Good point, Greg. Manual labor robots are coming, just as ATMs were coming 20 years ago. An engineer from Friendly Robotics, which was an early developer of lawn-mowing robots, said he believes robotic lawn mowers will be as common one day as garage door openers are today.
GW, yours is the most important point made on this subject. There has to come a day when the number of people working and actually earning money is no longer enough to support the money makers life style. What happens to all of those people that can't retrain? equally important how many doctors etc who can't (YET) be replaced do we need, ie. are there enough places in "quality" professions for the multitude that perhaps can be retrained? I think there needs to be a total re-write of the rules of economic engagement lest we have 60-80% of the population starving without a roof over their head and no medical. That by the way is the stuff revolutions are made of. We have to remember that desperate people take desperate measures. Another one of my favourite sayings is "There is no peace possible without social justice"
Computer-robotic technology is finally reaching the point where most repetitive and menial tasks no longer need human labor. Problem is - we do not have even an inkling of how to deal with it. Where are the social, political, educational and economic institutions that can make these incredible technological advances benefit the human race? So far, the vast riches that these advances have generated have simply mushroomed the divide between rich and poor, and now between rich and poor-middle class.
So far, those of us with good jobs are feeling great about technology, but there will come a time in the near future when we won't have to be doing our work either, and unless the democratic process and the free market system can adapt to this new reality, I see an unpleasant dystopian future.
This continues to affirm my belief that automation and robots will continue to take over more and more of our repetitive manual labor tasks. Today, it is commonplace to use machines to check out at the grocery store or perform our ATM banking (displacing many grocery store clerks and bank tellers). Articles like this one and the robotic lawn mower point to the next generation of automation trends.
I would consider the artificial intelligence involved in this robot to be quite advanced. It was my notion that a human would be needed for pruning and de-suckering a vine, as this is somewhat subjective to a vintner's experience. If this is accomplished robotically, I am impressed.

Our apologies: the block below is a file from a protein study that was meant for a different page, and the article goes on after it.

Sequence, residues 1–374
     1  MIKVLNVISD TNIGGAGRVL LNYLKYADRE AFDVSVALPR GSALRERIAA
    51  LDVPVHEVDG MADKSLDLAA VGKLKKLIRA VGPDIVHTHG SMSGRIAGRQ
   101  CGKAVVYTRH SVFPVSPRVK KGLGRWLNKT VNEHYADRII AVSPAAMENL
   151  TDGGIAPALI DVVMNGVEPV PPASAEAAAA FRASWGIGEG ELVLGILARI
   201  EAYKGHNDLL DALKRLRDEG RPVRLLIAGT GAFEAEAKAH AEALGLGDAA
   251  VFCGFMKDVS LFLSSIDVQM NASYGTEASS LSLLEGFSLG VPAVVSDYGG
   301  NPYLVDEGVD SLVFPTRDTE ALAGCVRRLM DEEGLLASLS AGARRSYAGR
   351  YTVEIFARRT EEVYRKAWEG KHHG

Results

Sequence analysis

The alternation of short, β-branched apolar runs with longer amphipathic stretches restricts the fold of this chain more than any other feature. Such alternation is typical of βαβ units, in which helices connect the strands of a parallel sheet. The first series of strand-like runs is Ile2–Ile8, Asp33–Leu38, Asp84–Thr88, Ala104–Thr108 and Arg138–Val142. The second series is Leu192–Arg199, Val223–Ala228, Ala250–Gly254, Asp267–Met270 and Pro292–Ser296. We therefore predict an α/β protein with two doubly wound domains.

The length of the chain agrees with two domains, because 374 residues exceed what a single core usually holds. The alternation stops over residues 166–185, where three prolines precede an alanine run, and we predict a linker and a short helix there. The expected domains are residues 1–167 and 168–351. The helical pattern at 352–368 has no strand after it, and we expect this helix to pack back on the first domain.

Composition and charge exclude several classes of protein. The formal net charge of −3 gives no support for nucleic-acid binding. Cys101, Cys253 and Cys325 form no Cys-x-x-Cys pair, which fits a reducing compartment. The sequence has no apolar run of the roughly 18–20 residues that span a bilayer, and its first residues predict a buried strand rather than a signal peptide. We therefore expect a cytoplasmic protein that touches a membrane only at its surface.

it is pretty confirmed fact that ultimately robotos with advancement in AI techniques would take care of almost every field. helping the agri field is jus one of the example of it. but as far as robotic development is concern the high cost of the advanced sensory systems and power back up for a long run is a really a constrin.
This is a great use of technology to help with a manual labor task. With the advances of tractor designs, a single farmer can harvest 100 acres in a few hours. This was unheard of in recent past. The ability of the robot to navigate rough terrain and harvest may bring this speed of harvest to vineyards as well.
This harvesting robot is good and bad. Good in that it allows harvesting in most any kind of weather and/or conditions without risking humans. Bad in that it may take the place of people who could/would do that kind of work.
Elizabeth, what is the expected cost of this robot?
In a bid to boost the viability of lithium-based electric car batteries, a team at Lawrence Berkeley National Laboratory has developed a chemistry that could possibly double an EV’s driving range while cutting its battery cost in half.
Using Siemens NX software, a team of engineering students from the University of Michigan built an electric vehicle and raced in the 2013 Bridgestone World Solar Challenge. One of those students blogged for Design News throughout the race.
Robots that walk have come a long way from simple barebones walking machines or pairs of legs without an upper body and head. Much of the research these days focuses on making more humanoid robots. But they are not all created equal.
For industrial control applications, or even a simple assembly line, that machine can go almost 24/7 without a break. But what happens when the task is a little more complex? That’s where the “smart” machine would come in. The smart machine is one that has some simple (or complex in some cases) processing capability to be able to adapt to changing conditions. Such machines are suited for a host of applications, including automotive, aerospace, defense, medical, computers and electronics, telecommunications, consumer goods, and so on. This discussion will examine what’s possible with smart machines, and what tradeoffs need to be made to implement such a solution.